The Dutch nonprofit group Ocean Cleanup hauled almost 64,000 pounds of plastic out of the Great Pacific Garbage Patch after two and a half months of testing the latest iteration of its collection system.
Dubbed Jenny, System 002 had been modified from a passive U-shaped collector of plastic to an active system with two propulsion units that not only increased its speed and efficiency but also enabled steering control.
Jenny caught about 4,400 pounds of garbage daily and safely interacted with marine life, which means System 002 is feasible and scalable, according to Ocean Cleanup.
"We are going to shift from a testing mindset to a harvesting operation now," Boyan Slat, founder and CEO of the Rotterdam, Netherlands-based group, told reporters Oct. 20.
Slat declared that the group has proved its concept of creating an artificial coastline to collect plastic trash from the five ocean gyres for eventual recycling on land.
The 2,625-foot-long Jenny with its 1,700-foot span caught mostly fishing gear — buoys, crates and nets — as well as laundry baskets, umbrella handles, toys and even a refrigerator and mannequin.
"Toilet seats are very, very common," Slat added as a video showed a gigantic net of trash being dumped onto a ship for transport.
The group figures 95 percent of the plastic collected is recyclable and can be turned into new products. It plans to purchase carbon offsets to make up for the fuel that will be consumed to bring the plastic back for processing.
Jenny now is returning to the gyre to continue its work while System 003 is designed.
"This is a great day for the ocean. Let this mark the beginning of the end for the Great Pacific Garbage Patch," Slat said.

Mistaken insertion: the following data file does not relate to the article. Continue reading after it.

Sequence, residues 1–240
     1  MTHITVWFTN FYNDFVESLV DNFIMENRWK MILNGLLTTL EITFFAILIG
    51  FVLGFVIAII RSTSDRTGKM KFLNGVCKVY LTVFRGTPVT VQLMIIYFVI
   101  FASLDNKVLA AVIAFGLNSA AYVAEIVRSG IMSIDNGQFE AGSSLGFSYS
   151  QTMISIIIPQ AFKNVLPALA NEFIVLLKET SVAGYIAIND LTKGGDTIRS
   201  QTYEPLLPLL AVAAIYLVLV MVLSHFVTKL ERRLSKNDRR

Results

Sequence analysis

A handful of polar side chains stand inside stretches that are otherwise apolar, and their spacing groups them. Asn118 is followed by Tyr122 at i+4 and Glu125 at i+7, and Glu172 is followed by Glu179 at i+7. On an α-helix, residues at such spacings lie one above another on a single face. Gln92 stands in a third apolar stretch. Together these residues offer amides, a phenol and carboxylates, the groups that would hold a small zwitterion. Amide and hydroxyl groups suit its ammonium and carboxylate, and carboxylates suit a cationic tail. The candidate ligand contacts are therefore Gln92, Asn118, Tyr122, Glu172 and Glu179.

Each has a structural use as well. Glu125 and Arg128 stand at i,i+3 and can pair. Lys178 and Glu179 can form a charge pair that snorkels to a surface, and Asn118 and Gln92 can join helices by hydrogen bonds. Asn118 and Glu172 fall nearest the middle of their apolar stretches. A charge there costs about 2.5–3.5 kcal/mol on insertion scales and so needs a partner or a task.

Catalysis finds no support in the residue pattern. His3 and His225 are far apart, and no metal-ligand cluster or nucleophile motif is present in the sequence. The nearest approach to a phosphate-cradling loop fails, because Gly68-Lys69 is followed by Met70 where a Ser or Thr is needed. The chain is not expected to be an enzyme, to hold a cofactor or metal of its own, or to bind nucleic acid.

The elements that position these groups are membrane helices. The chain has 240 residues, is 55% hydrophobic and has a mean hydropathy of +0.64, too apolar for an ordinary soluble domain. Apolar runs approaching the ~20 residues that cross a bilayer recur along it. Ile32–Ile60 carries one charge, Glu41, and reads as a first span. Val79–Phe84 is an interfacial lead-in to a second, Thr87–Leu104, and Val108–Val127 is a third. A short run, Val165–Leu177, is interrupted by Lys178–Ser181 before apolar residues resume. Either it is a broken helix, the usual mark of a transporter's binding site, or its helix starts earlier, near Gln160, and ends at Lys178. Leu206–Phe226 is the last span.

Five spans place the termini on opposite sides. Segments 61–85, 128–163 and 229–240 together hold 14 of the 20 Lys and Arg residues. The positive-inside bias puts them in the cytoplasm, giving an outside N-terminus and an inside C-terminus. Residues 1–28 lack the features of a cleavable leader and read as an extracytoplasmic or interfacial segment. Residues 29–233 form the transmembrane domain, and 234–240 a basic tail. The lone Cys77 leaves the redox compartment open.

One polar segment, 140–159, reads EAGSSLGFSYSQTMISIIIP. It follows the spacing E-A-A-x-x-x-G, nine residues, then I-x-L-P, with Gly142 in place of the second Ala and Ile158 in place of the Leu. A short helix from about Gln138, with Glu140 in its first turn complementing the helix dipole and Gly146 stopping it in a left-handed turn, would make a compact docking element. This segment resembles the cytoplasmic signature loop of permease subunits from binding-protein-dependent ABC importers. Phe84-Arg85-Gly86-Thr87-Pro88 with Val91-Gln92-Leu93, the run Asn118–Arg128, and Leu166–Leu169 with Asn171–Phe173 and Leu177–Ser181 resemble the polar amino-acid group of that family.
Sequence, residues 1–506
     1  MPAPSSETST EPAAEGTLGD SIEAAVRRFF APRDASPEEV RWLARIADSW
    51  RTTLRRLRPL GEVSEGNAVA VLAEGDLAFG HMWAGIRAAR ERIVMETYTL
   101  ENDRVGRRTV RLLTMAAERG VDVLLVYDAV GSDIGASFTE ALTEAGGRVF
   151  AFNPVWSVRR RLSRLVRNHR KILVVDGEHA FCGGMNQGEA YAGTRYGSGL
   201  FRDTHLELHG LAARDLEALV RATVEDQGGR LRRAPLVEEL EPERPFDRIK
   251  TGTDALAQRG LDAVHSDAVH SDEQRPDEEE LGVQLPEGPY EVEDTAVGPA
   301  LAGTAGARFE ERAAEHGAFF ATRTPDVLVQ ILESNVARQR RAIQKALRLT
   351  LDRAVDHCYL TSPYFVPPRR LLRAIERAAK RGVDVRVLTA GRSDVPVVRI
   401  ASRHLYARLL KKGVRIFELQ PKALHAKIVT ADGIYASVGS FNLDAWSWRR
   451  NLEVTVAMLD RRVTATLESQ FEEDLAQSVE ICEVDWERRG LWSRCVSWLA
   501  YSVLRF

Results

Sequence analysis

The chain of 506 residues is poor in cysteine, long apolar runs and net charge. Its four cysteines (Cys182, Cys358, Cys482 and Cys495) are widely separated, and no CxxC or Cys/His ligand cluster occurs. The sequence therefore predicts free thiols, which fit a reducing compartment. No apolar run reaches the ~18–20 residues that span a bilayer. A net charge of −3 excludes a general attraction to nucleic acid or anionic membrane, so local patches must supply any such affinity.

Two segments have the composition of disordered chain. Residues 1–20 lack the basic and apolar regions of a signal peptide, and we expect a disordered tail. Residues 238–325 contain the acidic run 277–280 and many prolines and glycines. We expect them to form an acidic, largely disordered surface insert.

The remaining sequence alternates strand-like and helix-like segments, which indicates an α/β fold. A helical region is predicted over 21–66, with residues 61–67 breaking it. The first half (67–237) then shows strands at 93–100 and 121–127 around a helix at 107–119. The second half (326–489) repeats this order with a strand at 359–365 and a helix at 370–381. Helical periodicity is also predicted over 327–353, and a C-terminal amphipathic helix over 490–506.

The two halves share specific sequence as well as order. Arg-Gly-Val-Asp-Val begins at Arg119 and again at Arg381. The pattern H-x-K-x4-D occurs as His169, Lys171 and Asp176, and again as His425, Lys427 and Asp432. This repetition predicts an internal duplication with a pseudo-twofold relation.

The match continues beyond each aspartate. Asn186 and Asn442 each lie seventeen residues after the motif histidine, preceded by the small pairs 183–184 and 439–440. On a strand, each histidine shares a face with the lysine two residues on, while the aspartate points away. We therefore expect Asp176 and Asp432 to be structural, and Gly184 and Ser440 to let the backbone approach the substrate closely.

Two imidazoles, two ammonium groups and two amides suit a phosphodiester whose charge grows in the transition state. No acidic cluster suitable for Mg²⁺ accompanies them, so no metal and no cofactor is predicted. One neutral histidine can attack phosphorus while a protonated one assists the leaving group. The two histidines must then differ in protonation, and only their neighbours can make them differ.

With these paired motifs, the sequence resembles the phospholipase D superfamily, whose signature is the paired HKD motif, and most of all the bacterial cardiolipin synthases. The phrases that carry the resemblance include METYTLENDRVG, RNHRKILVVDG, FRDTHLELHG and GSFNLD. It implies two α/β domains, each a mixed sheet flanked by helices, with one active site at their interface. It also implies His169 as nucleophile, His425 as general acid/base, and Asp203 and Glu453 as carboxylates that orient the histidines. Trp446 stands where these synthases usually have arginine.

Next, Ocean Cleanup engineers will supersize the Jenny concept for System 003, perhaps with a span as large as 5,900 feet, for deployment in 2022.
Unlike System 001, which had rigid high density polyethylene pipe as its artificial coastline, System 002 used flexible plastic components to corral garbage into a retention area for removal. A 10-foot-deep skirt attached to both systems and captured the plastic forming a soupy mix under the ocean surface.
During tests of Jenny, Ocean Cleanup used two boats for propulsion but plans to switch to unmanned shipping vessels during the scale-up.
"If we make the system a bit bigger and we have 10 of them out there, we can clean up the Great Pacific Garbage Patch," Slat said.
The group calculated it would have needed more than 150 of the smaller System 002s to meet its goal of removing 90 percent of the plastic from the gyre by 2040.
Ocean Cleanup will begin mapping and studying the other four gyres next year. The group wants to rid them of most plastic by 2040, too.
In the meantime, Ocean Cleanup is setting up more interceptors to stop the flow of plastic from polluted rivers to the oceans.
"I think this really is a success for humanity," Slat said. "This signifies an age where we're starting to correct the issues and problems we ourselves have created."